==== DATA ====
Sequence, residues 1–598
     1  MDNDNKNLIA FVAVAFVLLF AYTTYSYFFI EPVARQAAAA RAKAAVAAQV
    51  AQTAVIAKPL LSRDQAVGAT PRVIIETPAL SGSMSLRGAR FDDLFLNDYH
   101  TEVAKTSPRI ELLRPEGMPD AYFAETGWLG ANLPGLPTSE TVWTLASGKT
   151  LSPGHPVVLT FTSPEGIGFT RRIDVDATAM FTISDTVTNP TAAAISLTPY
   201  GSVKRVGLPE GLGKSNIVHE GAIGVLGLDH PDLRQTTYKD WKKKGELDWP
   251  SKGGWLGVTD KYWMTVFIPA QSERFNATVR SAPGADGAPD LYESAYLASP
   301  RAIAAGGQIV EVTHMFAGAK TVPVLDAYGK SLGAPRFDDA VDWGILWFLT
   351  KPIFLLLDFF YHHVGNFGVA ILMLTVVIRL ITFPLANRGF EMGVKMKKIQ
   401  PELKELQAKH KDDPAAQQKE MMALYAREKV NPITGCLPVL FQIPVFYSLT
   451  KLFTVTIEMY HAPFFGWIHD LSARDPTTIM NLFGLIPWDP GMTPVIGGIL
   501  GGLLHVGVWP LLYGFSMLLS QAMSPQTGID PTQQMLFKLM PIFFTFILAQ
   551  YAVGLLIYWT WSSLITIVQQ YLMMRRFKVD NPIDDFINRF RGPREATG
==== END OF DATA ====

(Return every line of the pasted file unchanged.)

Sequence, residues 1–598
     1  MDNDNKNLIA FVAVAFVLLF AYTTYSYFFI EPVARQAAAA RAKAAVAAQV
    51  AQTAVIAKPL LSRDQAVGAT PRVIIETPAL SGSMSLRGAR FDDLFLNDYH
   101  TEVAKTSPRI ELLRPEGMPD AYFAETGWLG ANLPGLPTSE TVWTLASGKT
   151  LSPGHPVVLT FTSPEGIGFT RRIDVDATAM FTISDTVTNP TAAAISLTPY
   201  GSVKRVGLPE GLGKSNIVHE GAIGVLGLDH PDLRQTTYKD WKKKGELDWP
   251  SKGGWLGVTD KYWMTVFIPA QSERFNATVR SAPGADGAPD LYESAYLASP
   301  RAIAAGGQIV EVTHMFAGAK TVPVLDAYGK SLGAPRFDDA VDWGILWFLT
   351  KPIFLLLDFF YHHVGNFGVA ILMLTVVIRL ITFPLANRGF EMGVKMKKIQ
   401  PELKELQAKH KDDPAAQQKE MMALYAREKV NPITGCLPVL FQIPVFYSLT
   451  KLFTVTIEMY HAPFFGWIHD LSARDPTTIM NLFGLIPWDP GMTPVIGGIL
   501  GGLLHVGVWP LLYGFSMLLS QAMSPQTGID PTQQMLFKLM PIFFTFILAQ
   551  YAVGLLIYWT WSSLITIVQQ YLMMRRFKVD NPIDDFINRF RGPREATG